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He’s played Pebble Beach … twice. St. Andrews and Whistling Straits are on his bucket list. Additionally, Mark Dunning ’84 can be proud of a career in human resources and industrial labor relations spanning more than 25 years. However, his greatest achievement is being the first person in his extended family to receive a college degree (and, ultimately, a graduate degree) and demonstrate the true value of higher education.

It was a year of transition … 1980. Reagan took office. John Lennon was shot and killed. The 1970s had come to a close, and the ‘80s were taking shape. The U.S. failed to release hostages in Iran, and Mount St. Helens erupted. It was a time of uncertainty nationally as well as in like the lives of those young men, like Mark Dunning ’84, stepping foot onto the Michigan campus as freshmen. Something soon would help create an environment of structure and purpose — Delta Chi.

“We shared in the camaraderie of having a committed group of friends — many of whom I knew would last a lifetime, a great house and a fun social schedule to balance with the hard work of getting through school,” Mark describes. “This was our first attempt at that young age to govern ourselves, build consensus, determine priorities and manage money. We were fortunate to have a place like Delta Chi to practice (and make mistakes) with important life skills. For most, it was the first time in our lives, and these skills are required in adulthood during everyday business and life.”

During Mark’s time in the house, there were approximately 20 brothers living in the house and a handful of outside brothers. He lived in the house for more than three years with roommates Stuart Popp ’83 and Scott Walls ’83. Rushes were successful, and they had a good system of committees and house volunteerism. As Mark recalls, the brothers routinely had water balloon and fireworks wars with Sigma Phi Epsilon and Sigma Nu across the street. It helped to have several racks of empty Coke bottles from the basement vending machine; they lined up and launched barrages of bottle rockets for sustained periods.

“Our brotherhood included several smart guys in a wide range of disciplines — engineering, journalism, finance, liberal arts — all committed to succeeding,” Mark says. “Their stories from later life don’t surprise me; it was a very accomplished group. We have had a very supportive alumni group with Don Leckey ’67, Frank Morrey ’64 and others who also shared a long-term interest in protecting and improving the house.” Today, Mark stays in touch with Steve Hook ’82, Scott Walls, Stu Popp, Jim Fuger ’82, Andy McKewan ’84, Pat Barrie ’83, Russ Bauer ’85, Joe Burchill ’81, Wayne Nelson DDS ’89, Frank Morrey and Greg Roda ’83.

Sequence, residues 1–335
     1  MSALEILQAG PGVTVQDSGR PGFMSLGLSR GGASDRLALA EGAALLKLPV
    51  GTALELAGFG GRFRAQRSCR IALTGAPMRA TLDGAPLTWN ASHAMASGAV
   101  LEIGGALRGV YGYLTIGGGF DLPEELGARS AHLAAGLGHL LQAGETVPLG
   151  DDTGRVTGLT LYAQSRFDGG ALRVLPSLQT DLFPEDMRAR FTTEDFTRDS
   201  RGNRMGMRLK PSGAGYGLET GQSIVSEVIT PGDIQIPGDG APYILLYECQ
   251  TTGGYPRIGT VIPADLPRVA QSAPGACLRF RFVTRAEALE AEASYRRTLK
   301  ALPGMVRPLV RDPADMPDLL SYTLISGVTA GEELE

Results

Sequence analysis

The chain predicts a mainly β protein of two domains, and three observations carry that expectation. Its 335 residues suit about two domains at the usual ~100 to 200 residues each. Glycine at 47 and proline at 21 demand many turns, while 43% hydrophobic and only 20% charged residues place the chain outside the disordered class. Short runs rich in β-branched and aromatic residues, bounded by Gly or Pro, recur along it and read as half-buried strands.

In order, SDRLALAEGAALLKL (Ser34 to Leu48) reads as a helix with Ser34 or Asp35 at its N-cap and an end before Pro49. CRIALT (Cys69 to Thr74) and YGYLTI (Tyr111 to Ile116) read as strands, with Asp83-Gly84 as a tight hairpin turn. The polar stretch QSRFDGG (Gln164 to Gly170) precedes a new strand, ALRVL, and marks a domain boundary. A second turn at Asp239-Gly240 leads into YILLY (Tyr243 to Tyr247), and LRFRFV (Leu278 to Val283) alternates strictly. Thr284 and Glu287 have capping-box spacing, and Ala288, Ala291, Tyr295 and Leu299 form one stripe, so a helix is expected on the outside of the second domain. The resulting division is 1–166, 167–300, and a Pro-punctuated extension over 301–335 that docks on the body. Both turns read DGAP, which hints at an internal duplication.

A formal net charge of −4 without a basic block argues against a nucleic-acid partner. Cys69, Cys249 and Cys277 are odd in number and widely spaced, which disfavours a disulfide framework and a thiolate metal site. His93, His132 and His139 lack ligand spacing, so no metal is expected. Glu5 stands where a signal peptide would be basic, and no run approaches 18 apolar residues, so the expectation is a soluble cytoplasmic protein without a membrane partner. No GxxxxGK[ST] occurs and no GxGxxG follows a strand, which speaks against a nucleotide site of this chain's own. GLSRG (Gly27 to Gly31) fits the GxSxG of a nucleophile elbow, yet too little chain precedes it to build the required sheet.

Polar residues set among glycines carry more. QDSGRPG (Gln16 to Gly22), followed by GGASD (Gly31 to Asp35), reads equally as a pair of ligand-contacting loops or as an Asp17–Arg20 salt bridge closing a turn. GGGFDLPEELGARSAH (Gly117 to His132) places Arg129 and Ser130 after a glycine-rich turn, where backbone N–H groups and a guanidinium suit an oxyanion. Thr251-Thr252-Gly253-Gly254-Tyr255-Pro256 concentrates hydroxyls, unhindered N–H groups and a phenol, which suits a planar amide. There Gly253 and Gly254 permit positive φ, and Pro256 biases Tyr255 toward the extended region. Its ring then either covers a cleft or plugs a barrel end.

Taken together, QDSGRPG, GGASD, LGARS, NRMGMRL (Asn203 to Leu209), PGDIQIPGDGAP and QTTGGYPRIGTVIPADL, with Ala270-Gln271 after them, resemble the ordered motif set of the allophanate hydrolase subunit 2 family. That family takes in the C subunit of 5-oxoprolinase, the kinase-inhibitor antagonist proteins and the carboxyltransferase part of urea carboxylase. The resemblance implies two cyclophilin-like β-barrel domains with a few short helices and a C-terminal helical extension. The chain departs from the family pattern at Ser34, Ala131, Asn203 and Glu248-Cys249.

Following graduation, Mark took a position as a service representative at Manpower, Inc., in Atlanta. In 1986, he moved to Michigan to take an HR rep position with an engineering services company and began work on his master’s degree in industrial relations from Wayne State University. When his degree was completed in 1989, he began an 18-year run with Chrysler, serving in progressively responsible HR management roles including the senior manager of HR for three production sites and representing the company in three rounds of national negotiations with the UAW. In 2008, he became the senior director of HR for West Pharmaceutical Services in the Phoenix area and served in that capacity until February of 2015.

When he is not working, Mark enjoys golf and travel. He tries to play as many PGA Tour sites as possible. He has already marked Pebble Beach (CA), Doral (FL), Torrey Pines South (CA) and TPC-Scottsdale (AZ) off his bucket list, and he has played several notable courses in Hawaii and Arizona. His next goal? St. Andrews and Whistling Straits. Mark is also a member of the Arizona Manufacturing Partnership, a group of state employers attempting to change the image of manufacturing, and as a result, convince kids and their parents about the high pay and high reward of manufacturing jobs in Arizona.

As Mark reflects on advice he would have for his younger brothers, he draws from his experience as the first person in his extended family to graduate from college and set an example in utilizing the value of higher education to build a life. “My ability to find a fulfilling life within human resources is partially a result of my time at Delta Chi. I would encourage our younger brothers to make the most of their (and their parents’) investment in education. I would tell them to complete a BA and get a graduate degree as early as possible. Doing so gets harder as the years pass. Find friends, as I have, who will endure. Save as much money as possible, as early as possible, while making sure you have a good time with whatever fulfilling activity you choose.”

Brothers can connect with Mark on LinkedIn.